Mary Seabrook joked that she won't have to go to Weight Watchers if food prices keep climbing.
"They are awful," the Ladson resident said while shopping in a downtown Charleston grocery store. "I just shop for the stuff that's on sale. I just won't eat as much."
Overall food prices will climb 3 percent to 4 percent this year as world demand in an economic recovery drives up the cost of fuel as well as basic commodities such as corn, wheat, soybeans and sugar, agricultural economist Chris Hurt of Purdue University said Monday during the Food Media Seminar at Charleston Place Hotel.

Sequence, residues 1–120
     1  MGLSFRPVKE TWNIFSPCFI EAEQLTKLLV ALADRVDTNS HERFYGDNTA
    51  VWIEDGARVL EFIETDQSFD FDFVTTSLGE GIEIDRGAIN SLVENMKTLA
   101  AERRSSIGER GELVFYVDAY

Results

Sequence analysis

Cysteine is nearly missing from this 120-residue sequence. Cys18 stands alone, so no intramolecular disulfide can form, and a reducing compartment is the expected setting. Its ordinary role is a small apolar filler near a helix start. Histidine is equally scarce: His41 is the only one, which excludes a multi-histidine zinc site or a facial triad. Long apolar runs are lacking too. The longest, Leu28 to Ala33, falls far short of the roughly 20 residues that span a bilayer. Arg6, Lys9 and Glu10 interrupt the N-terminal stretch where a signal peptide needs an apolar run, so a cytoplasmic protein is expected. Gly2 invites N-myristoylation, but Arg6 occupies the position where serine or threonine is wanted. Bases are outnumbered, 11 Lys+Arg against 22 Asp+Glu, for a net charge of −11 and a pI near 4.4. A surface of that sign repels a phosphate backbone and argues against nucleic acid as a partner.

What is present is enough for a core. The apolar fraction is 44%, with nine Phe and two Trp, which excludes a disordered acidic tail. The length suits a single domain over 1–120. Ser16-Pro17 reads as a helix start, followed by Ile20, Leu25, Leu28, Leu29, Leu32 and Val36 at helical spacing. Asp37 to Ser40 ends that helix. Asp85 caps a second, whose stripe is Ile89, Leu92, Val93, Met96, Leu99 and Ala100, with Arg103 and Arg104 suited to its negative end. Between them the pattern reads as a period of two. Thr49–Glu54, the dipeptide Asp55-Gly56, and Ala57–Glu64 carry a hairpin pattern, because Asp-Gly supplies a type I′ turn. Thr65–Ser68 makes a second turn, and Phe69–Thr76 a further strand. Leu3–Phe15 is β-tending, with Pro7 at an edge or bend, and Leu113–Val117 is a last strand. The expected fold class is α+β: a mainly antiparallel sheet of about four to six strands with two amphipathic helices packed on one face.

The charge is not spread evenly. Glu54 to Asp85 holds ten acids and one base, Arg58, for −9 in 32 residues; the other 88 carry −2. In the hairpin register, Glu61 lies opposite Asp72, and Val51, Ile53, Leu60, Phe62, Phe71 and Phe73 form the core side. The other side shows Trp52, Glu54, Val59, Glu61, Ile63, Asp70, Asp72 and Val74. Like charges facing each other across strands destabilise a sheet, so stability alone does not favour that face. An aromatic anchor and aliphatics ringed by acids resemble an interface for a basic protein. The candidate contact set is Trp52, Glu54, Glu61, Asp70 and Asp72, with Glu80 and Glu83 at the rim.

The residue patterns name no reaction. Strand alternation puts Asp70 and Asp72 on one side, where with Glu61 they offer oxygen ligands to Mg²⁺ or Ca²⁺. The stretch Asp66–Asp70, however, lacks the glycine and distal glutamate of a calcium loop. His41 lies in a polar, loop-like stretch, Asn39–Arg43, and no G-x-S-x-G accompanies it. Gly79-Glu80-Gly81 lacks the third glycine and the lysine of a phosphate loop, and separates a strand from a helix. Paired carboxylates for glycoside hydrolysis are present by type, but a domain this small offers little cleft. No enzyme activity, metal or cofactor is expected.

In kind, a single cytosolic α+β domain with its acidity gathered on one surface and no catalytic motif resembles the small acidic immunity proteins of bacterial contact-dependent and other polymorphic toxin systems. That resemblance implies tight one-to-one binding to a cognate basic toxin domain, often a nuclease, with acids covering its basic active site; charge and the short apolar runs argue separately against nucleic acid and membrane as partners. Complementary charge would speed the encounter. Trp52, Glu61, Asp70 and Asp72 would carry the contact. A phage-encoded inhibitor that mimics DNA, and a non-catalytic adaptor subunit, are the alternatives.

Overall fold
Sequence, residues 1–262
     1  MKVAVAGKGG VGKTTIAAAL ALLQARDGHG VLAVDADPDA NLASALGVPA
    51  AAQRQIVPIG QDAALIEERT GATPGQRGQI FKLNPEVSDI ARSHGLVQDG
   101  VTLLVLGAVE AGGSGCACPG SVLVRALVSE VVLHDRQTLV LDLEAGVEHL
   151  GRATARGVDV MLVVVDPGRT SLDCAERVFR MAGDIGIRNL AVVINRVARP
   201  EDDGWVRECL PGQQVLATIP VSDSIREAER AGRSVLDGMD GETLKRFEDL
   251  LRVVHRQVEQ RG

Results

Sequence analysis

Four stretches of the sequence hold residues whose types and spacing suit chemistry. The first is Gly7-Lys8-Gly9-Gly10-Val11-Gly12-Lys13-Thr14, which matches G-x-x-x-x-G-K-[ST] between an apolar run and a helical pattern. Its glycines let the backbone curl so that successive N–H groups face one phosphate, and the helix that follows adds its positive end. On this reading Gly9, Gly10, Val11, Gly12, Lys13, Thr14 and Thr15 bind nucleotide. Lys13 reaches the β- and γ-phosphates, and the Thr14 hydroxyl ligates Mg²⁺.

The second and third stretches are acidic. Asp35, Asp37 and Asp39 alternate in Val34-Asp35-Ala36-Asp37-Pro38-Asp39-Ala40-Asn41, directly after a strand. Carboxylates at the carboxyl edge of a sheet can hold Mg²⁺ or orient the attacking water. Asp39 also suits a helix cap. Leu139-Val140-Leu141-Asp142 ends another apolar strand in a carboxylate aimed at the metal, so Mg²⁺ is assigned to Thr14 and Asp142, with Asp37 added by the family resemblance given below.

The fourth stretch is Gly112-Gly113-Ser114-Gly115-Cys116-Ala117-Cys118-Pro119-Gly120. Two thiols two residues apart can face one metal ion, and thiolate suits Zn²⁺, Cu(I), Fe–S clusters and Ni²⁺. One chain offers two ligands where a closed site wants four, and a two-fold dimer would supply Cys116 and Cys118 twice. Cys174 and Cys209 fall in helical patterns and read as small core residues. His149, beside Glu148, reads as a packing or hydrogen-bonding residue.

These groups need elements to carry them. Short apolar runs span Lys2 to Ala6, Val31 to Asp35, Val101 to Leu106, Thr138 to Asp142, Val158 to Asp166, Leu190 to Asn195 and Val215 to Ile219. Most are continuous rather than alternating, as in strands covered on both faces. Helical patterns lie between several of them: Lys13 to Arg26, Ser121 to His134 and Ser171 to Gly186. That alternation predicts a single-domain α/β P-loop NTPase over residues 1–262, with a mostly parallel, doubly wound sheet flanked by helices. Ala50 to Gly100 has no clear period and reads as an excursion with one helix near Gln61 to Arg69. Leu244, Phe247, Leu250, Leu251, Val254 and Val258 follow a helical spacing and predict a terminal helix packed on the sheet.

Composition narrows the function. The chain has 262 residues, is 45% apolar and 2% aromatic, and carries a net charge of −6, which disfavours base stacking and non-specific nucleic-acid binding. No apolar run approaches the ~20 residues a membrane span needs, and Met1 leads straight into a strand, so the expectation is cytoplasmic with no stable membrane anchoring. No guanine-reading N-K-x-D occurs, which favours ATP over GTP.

And if a troubling drought persists into the summer across part of the world's bread basket in the south central United States, commodity prices could rise even higher and the world's food supply could be threatened, he added.
"We are shaping up for a short production year," Hurt said. "This is causing a lot of concern."
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Rising food prices translates into more ministry opportunities for churches--not only to those most affected by the higher prices but also to those seeking to make their food dollar stretch further and to put low-cost, nutritious meals on the table.